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Abstract in Cool Blue 1 by Dan Nuttall

The “lack” of easily understood visual references doesn’t mean that that there is “nothing” there or the work  lacks intellectual content. Every piece has some sort of genesis, some sort of impulse, some idea suspended in a moment or across millions of moments that blend together, braiding the stream that carries the artist’s work over the falls. Staying afloat/engaged/ immersed is the hard part. Picture a month at sea on a raft made of a single thought. Reaching a shore with a painting is the goal.

Naming an abstract piece as “Untitled” or with a simple descriptor (e.g., “Abstract In Cool Blue 1”) helps maintain the “openness” or sense of freedom in accessing the work. It’s still wide-open to interpretation. Naming a work is a sort of nucleus, the grain of sand in the thought-oyster. Ideas coalesce around it.

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West Coast (Killer Whale) diptych by Dan Nuttall

When I named the diptych “West Coast (Killer Whale)” it’s because the stream of consciousness wetting my pigments involved a cascade of thoughts about my life on the West Coast of Canada, my time around killer whales, my love of the woods and wood and water, the errant tangy salt and brightness that stung my eyes, the cooling reprieve of depth – deep green-blues – the smell of cedar, sleek black skin steaming at the surface, the gentle push of wet spilling over flanks.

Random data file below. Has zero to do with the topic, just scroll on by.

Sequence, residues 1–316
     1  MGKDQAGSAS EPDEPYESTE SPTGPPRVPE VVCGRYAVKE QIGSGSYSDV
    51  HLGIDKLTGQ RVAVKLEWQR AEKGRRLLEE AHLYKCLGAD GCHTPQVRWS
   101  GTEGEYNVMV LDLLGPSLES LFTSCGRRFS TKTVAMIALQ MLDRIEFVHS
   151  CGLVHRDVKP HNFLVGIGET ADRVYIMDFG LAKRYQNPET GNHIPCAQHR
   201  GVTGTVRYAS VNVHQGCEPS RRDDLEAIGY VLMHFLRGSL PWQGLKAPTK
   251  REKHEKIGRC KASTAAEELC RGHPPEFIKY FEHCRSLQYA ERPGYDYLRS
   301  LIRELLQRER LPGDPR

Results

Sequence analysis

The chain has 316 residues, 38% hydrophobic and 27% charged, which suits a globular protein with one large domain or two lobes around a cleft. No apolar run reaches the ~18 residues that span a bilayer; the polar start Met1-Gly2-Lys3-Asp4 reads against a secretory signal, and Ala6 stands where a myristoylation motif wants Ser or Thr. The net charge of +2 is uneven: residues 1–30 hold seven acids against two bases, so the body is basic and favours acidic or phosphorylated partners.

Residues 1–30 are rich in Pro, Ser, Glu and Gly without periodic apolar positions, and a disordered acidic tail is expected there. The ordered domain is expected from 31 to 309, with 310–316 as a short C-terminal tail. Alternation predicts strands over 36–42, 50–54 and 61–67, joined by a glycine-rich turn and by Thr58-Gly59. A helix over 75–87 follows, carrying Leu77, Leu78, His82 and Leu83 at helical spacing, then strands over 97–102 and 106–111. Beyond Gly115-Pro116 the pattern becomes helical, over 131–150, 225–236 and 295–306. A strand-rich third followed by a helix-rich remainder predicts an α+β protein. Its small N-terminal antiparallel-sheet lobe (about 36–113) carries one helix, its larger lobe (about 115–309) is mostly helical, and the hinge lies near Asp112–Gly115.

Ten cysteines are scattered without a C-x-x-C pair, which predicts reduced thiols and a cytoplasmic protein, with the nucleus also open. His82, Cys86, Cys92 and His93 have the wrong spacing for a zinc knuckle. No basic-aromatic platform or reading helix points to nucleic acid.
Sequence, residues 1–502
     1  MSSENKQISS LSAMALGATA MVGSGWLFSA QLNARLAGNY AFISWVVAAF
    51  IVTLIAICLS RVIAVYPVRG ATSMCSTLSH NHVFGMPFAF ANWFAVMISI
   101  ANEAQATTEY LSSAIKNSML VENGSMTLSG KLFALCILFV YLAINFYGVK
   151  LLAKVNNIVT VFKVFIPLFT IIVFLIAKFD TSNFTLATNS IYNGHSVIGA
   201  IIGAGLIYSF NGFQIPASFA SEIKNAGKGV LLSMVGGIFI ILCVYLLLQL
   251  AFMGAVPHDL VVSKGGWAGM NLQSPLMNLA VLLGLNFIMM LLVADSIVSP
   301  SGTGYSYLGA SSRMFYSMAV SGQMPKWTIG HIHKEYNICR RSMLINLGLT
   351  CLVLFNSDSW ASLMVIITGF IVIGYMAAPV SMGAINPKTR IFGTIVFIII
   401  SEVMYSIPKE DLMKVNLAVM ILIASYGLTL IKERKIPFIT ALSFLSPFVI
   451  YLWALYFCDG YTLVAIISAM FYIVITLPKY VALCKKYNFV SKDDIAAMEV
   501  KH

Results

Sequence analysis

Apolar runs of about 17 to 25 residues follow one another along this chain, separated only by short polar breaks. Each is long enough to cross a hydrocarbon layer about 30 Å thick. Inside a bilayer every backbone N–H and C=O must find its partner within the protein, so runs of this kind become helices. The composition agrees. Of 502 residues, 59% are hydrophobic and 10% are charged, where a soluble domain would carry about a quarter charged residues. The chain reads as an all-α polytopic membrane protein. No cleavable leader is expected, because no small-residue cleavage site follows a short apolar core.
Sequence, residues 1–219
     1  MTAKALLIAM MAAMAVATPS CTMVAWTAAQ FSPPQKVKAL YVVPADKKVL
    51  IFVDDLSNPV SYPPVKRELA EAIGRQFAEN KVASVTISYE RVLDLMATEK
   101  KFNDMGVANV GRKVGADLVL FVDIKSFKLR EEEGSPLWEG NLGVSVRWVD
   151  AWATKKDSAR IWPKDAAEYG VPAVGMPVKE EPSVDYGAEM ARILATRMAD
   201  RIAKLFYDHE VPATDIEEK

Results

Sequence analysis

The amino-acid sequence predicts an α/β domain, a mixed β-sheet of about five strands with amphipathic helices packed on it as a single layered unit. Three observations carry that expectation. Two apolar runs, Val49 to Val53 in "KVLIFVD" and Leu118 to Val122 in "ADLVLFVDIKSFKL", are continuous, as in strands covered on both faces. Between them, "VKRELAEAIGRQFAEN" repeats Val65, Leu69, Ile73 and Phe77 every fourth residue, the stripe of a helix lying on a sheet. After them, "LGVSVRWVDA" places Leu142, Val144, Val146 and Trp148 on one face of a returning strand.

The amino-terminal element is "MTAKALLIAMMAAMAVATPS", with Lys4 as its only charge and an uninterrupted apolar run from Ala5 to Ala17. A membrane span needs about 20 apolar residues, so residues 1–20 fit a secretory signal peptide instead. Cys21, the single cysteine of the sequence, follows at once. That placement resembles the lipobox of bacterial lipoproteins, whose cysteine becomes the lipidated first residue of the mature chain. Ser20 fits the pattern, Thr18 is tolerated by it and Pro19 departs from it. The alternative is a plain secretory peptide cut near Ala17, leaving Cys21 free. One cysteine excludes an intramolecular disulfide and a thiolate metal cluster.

As an artist I also like how abstract work escapes comparison to some version of perfection (“That’s a terrible painting of a sunset”). And yet, when we look at wildlife art the urge to depict accurately and realistically images of the things we see – is rote. Of course there is no perfection and the “errors” are perhaps where things begin to get interesting.

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Great Curassow 1 by Dan Nuttall

For me, I am always wondering about the animal perspective and so the eye, the face, and body language play roles in establishing how the animal is relating, in that moment, to the world. The artist, in a sense, becomes a manipulator of the animal and questions of responsibility entail. I like my birds proud, and magical, a bit mysterious, any realism directed toward capturing and holding the eye of the beholder to induce respect and appreciation, and to allow wonder in the forms of questions: How do such creatures exist?  What are their fates to be? Look these animals in the eye and tell me what you see.